Sunday, May 23, 2010

Herbs



You may remember that one of my gardening resolutions for 2010 was to be more diligent in harvesting and drying herbs. Never one to procrastinate, I launched the first harvest yesterday.

It was prompted when I offered our visiting neighbour Nick a choice of teas, and he expressed a preference for something we had grown. Fortunately I had the one measly baggie of dried mint that was the sum total of all the herbs I harvested last year - and very nice tea it was, too. And it got me thinking that I better get going, or I'd be forced to serve Nick tea from a box the next time he was over.

So out to the garden I went. I had my eye on a beautiful, rounded mound of lemon balm, and an incredibly vigorous patch of oregano, both growing in the herb bed in the vegetable garden. These two herbs are everywhere at Mucky Boots - I think one of the two previous gardeners of the property divided them repeatedly and used them to fill in empty spots in the perennial beds. There are probably half a dozen mounds of lemon balm and about four times that many patches of oregano here and there. There's even a bunch of oregano growing out of the rock wall near the workshop.

Three minutes was the scissors was all it took to cut enough to fill a really big colander to overflowing. The stripping of the stems and tying of the bundles took longer, but it was a nicely meditative thing to do while sitting on the verandah. I ended up with a dozen bundles which I washed and then tucked into paper bags to protect them from dust and bugs. Kim is going to fasten an old garden trellis horizontally to the ceiling of the verandah so I can hang the bundles for drying.

Mint is already making itself seen in the perennial beds, so some bunches of that will soon join the happy herbal hangout. Once it's dry, I'm thinking lemon balm and mint might make a nice combination for tea, maybe with a few of the lavender flowers I saved from last summer thrown in. The Mucky Boots Blend is born.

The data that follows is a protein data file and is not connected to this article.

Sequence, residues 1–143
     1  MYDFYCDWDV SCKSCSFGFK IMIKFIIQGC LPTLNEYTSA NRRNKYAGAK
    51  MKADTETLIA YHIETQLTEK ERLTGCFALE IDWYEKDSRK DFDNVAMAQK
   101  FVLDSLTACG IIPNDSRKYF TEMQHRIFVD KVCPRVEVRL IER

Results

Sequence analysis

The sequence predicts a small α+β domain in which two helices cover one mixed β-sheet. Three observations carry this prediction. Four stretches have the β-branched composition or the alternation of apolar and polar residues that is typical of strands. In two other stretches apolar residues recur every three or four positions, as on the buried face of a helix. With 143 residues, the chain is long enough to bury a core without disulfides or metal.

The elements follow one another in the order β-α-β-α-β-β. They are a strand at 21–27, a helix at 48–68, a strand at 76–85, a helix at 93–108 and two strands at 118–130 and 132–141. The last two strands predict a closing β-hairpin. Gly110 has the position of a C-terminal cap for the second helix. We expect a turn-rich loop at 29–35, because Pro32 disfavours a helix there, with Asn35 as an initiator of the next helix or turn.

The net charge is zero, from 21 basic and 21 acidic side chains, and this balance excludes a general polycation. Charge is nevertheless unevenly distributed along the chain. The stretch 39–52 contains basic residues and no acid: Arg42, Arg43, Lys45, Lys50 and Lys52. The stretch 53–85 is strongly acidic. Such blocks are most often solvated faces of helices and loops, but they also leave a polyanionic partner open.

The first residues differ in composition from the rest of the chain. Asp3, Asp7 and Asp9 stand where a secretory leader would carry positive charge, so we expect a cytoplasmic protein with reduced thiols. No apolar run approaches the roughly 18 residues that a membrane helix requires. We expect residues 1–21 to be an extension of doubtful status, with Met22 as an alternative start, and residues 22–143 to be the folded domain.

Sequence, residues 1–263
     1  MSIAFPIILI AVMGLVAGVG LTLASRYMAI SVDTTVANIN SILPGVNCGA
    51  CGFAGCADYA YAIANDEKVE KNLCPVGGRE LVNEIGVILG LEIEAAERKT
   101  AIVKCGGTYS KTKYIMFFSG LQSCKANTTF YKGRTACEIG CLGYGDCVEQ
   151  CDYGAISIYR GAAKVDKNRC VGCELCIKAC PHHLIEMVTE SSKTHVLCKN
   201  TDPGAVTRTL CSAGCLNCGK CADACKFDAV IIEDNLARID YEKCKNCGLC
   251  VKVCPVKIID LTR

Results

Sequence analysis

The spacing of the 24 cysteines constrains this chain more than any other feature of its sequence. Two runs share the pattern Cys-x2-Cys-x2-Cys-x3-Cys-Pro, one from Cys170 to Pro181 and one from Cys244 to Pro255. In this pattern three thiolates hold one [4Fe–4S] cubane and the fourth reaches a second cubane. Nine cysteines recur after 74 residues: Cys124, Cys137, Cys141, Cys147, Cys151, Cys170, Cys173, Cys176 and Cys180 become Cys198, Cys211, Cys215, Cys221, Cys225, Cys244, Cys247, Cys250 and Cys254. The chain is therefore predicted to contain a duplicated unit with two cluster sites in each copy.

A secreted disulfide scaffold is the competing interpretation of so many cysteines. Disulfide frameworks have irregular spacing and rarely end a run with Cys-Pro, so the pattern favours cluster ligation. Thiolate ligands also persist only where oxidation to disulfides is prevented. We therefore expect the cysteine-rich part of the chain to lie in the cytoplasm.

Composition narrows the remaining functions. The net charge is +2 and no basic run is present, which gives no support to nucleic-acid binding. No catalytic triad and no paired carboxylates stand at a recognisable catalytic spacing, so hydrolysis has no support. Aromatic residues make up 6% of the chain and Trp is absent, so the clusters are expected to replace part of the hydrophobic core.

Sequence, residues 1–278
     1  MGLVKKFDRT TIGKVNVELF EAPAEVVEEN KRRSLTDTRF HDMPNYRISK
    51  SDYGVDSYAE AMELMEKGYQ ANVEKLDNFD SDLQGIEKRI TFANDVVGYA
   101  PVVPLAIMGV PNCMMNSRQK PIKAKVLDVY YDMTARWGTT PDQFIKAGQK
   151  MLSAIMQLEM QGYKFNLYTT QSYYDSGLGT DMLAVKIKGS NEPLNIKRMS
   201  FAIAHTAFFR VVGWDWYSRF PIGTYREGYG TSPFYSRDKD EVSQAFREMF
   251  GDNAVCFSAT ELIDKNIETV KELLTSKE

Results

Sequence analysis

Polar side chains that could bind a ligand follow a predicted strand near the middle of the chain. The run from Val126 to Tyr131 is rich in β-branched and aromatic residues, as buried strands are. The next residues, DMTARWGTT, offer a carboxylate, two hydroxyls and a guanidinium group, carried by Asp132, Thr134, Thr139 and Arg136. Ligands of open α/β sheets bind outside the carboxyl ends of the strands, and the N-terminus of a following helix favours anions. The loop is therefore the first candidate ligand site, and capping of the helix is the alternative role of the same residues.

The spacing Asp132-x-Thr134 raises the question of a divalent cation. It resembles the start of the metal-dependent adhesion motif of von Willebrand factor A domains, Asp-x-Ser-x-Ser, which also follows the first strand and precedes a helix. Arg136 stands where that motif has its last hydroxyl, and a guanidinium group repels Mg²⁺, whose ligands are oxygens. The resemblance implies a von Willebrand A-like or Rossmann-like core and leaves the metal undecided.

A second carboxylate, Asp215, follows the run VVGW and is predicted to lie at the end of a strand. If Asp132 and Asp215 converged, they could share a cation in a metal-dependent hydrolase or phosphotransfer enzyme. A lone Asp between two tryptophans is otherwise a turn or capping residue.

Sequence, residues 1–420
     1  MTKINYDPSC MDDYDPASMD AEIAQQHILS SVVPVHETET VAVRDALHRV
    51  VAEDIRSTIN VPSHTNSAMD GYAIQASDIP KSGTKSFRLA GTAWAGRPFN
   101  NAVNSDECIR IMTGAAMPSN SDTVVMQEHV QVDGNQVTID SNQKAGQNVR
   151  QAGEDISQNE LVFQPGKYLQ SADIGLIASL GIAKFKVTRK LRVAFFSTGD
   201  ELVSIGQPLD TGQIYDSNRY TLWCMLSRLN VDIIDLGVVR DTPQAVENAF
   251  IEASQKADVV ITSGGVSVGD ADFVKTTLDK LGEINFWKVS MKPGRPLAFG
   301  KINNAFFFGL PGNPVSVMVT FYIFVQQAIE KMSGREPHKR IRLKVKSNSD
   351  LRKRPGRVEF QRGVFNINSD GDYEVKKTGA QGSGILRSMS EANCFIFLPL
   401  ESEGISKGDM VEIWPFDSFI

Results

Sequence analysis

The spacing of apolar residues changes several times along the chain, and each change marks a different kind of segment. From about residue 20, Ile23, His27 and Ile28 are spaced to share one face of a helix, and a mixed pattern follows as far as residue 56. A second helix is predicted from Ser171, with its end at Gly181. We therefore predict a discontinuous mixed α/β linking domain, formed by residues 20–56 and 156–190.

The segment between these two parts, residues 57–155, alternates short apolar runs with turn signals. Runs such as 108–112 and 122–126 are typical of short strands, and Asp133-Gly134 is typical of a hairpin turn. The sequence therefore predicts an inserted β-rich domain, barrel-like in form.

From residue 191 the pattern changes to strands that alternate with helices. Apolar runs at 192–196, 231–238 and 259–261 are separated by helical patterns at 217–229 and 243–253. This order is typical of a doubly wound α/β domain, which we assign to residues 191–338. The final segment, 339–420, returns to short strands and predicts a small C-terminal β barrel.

3 comments:

Paula said...

That tea combination sounds great- I hope to grow tea herbs eventually.

Hey- I hope you two are thinking bees. Lemon balm (Melissa officinalis) is the pre-eminent bee forage. Honey bees are Apis mellifera, so they even share the root of the Latin name for lemon balm. Bees also like borage a lot, but they love lemon balm- how lucky to have so much!

Miriam said...

Bees were one of the first things Kim was interested in, back when this place was just an idea in our heads. But in talking with the bee keepers at our local farmer's market, we found out that honey bees like their hives on a bit of a hill, with a breeze, and our place is in a river valley all surrounded by trees. When we get everything else under control we may give it a try anyway. And although they may prefer to have their hives somewhere else, honey bees seem to love to visit, because there are a lot around.

I didn't know that about lemon balm- you are a fountain of information! The bees certainly seem to love the comfrey that's flowering right now.

Natalie said...

I want to follow your lead.
Tell me about "stripping the stems." Is it as simple as leaving bare stem, so you can neatly bundle them?
We have mint, but it has been a damp spring and it is succumbing to rust-fungal torment.
Now I will think of you before it is too late and save healthy herbs.
Thank you.

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